Searching over 5,500,000 cases.


searching
Buy This Entire Record For $7.95

Download the entire decision to receive the complete text, official citation,
docket number, dissents and concurrences, and footnotes for this case.

Learn more about what you receive with purchase of this case.

Bayou Orthotic and Prosthetics Center, LLC v. Morris Bart, LLC

Court of Appeals of Louisiana, Fifth Circuit

March 28, 2018

BAYOU ORTHOTIC AND PROSTHETICS CENTER, L.L.C.
v.
MORRIS BART, L.L.C.

          ON APPEAL FROM THE TWENTY-FOURTH JUDICIAL DISTRICT COURT PARISH OF JEFFERSON, STATE OF LOUISIANA NO. 767-888, DIVISION "M" HONORABLE HENRY G. SULLIVAN, JR., JUDGE PRESIDING

          COUNSEL FOR PLAINTIFF/APPELLANT, BAYOU ORTHOTIC AND PROSTHETICS CENTER, L.L.C. Joseph F. Lahatte, III

          COUNSEL FOR DEFENDANT/APPELLEE, MORRIS BART, L.L.C. Andrew A. Braun Victoria E. Emmerling

          Panel composed of Judges Jude G. Gravois, Marc E. Johnson, and Marion F. Edwards, Judge Pro Tempore

          G. GRAVOIS JUDGE

         Plaintiff/appellant, Bayou Orthotic and Prosthetics Center, L.L.C. ("Bayou"), appeals a trial court judgment which granted an exception of prematurity filed by defendant/appellee, Morris Bart, L.L.C. ("Bart"), and dismissed the case. For the reasons that follow, we affirm the trial court's judgment.

         FACTS AND PROCEDURAL HISTORY

         Bayou owns and operates a medical specialty business that provides medical prosthetics and related services and equipment. In 2006, Bayou provided Leroy Davis with an above-the-knee prosthesis after he had been injured in an accident in Orleans Parish on February 5, 2006. On September 19, 2006, Bart sent a letter to Bayou stating that it was representing Mr. Davis for injuries he sustained in said accident and it was requesting a copy of Mr. Davis's medical records. On January 4, 2007, Bart sent another letter to Bayou stating that it would protect Bayou's medical charges in the amount of $29, 124.76 for the fitting of Mr. Davis's prosthesis, as outlined in an October 20, 2006 invoice, "out of any net settlement or proceeds obtained during this firm's representation in this matter as a result of any claims for damages" arising out of Mr. Davis's February 5, 2006 accident.[1] On January 11, 2007, Bart sent a similar letter to Bayou, again assuring Bayou that it would protect the $29, 124.76 "out of any net settlement or proceeds obtained during this firm's representation in this matter as a result of any claims for damages" arising out of Mr. Davis's accident. Bayou continued to treat Mr. Davis for almost ten years thereafter for a number of services valued by Bayou at $125, 923.40.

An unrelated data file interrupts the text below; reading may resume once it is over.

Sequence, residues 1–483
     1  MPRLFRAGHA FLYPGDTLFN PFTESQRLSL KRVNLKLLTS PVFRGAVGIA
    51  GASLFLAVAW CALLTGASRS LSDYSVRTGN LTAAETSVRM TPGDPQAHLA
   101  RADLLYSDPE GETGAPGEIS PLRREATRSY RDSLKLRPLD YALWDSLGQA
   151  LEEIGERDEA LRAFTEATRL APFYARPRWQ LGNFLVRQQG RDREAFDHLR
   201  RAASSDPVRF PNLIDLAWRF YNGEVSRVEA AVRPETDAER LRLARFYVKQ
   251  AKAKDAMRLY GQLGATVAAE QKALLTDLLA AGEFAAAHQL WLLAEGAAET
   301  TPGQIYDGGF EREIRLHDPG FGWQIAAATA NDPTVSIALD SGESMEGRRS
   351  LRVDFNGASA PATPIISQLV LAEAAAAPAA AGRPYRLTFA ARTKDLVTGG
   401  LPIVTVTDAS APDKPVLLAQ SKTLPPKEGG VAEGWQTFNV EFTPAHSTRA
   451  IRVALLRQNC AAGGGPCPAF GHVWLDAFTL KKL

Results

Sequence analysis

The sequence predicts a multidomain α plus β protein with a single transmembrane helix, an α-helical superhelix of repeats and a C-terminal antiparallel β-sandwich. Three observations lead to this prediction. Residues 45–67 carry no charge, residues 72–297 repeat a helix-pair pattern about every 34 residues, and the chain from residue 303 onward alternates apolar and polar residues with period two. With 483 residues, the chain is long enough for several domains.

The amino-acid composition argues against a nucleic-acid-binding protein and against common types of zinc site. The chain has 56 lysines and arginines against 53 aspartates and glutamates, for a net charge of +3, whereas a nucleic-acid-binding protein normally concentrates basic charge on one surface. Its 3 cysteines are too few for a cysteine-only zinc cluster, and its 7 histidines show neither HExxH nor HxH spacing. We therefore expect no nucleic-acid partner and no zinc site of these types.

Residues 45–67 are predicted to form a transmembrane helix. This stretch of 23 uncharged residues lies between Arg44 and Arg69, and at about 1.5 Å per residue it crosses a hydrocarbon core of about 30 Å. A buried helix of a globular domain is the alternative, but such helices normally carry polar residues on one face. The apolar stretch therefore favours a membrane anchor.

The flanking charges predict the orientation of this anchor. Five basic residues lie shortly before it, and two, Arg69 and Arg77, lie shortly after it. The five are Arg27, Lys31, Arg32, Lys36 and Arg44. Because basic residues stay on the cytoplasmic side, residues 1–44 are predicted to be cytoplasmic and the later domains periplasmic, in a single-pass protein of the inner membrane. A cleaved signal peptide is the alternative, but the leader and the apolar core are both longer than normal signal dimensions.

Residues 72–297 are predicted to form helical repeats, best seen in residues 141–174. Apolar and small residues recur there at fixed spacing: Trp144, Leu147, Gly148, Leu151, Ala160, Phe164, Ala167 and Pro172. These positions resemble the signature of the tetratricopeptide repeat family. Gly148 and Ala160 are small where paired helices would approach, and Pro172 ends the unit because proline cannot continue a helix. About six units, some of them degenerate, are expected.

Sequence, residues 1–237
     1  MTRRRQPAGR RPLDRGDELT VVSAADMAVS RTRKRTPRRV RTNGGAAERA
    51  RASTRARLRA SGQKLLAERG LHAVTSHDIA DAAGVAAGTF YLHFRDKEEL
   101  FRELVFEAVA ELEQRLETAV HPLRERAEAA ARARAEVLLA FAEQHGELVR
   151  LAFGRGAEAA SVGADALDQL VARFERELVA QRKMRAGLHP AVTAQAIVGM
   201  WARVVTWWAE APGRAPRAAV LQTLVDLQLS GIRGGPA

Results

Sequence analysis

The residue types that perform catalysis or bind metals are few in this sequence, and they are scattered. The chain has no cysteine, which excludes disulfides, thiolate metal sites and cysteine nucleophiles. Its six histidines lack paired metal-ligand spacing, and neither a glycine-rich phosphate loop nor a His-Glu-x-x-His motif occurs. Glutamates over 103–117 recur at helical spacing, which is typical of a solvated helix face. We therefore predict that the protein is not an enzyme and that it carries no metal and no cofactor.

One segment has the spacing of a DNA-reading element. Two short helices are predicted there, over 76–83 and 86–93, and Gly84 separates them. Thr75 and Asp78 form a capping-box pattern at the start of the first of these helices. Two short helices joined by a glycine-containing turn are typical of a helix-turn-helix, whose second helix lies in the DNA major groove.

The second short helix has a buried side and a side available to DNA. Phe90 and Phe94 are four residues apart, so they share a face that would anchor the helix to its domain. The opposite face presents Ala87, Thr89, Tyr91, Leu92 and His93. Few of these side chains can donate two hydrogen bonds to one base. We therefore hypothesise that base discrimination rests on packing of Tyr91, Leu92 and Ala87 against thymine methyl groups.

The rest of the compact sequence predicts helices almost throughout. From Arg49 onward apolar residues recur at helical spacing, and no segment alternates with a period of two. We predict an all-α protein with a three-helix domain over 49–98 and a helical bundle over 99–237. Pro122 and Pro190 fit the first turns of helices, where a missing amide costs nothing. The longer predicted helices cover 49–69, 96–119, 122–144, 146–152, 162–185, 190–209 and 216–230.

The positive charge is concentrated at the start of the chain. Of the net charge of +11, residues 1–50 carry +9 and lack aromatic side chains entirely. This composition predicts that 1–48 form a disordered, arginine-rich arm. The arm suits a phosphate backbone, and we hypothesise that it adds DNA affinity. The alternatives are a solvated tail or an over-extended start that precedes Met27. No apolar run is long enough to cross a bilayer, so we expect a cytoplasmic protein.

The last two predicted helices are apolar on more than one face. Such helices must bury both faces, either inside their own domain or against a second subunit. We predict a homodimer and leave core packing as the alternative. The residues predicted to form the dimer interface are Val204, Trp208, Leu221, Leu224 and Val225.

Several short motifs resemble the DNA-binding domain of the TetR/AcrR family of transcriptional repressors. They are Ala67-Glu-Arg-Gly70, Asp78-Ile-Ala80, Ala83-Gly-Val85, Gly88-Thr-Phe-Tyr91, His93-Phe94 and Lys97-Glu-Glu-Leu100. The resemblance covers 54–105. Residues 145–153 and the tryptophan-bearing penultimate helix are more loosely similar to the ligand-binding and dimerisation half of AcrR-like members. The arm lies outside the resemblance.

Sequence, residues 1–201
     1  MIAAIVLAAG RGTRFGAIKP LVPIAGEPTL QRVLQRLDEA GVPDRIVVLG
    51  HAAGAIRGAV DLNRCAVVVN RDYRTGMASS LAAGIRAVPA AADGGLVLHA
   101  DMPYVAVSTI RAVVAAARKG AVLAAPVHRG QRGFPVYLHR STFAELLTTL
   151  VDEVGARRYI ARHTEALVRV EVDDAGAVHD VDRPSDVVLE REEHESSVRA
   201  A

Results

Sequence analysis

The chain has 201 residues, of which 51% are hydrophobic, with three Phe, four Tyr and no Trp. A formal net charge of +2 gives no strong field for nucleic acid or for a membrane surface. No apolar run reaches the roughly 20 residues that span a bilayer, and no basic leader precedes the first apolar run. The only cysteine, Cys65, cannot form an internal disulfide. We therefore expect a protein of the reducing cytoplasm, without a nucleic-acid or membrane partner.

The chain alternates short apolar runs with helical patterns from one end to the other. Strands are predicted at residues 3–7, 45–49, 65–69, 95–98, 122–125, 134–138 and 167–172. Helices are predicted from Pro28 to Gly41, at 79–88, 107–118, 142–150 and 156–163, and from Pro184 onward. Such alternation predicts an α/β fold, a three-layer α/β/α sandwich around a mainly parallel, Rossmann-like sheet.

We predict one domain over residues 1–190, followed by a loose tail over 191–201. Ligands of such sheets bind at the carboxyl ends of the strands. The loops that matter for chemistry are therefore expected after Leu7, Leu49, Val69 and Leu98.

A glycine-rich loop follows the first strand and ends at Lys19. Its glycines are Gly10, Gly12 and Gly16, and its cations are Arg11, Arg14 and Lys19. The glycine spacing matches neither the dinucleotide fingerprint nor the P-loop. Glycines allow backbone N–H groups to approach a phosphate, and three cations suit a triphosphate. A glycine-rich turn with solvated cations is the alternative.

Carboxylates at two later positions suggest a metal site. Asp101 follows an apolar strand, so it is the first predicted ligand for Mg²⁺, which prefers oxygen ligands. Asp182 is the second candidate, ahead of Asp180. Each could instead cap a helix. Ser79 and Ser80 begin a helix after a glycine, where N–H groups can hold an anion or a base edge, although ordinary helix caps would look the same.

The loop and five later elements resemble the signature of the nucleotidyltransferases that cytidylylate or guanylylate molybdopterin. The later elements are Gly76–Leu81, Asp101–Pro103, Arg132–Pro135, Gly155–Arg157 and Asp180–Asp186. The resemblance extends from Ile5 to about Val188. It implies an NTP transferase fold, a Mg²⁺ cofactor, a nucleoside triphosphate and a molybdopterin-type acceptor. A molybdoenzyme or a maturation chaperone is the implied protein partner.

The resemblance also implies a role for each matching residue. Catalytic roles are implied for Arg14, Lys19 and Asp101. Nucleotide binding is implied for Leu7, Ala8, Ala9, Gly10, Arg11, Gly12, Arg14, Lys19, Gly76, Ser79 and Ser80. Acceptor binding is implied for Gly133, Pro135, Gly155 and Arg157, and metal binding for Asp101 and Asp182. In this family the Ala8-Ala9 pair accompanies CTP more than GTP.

On January 4, 2017, Bayou filed a Petition for Damages against Bart, claiming that it had not been paid any amount from Bart on Mr. Davis's outstanding balance for services rendered, despite assurances of payment having been made by Bart, both by letters and orally.[2] In its petition, Bayou alleged that it had never agreed to an arrangement with Bart to operate on a "lien basis, " nor to only be paid out of a settlement. Bayou argued that it was a specialty provider that did not operate in that manner. The petition made several claims against Bart, including detrimental reliance, breach of contract, negligence, and "promissory and equitable estoppel." Bayou prayed that it be compensated for the full value of all medical services it provided to Mr. Davis, "allowable" interest on the balance of Mr. Davis's account, and reasonable attorney's fees and costs.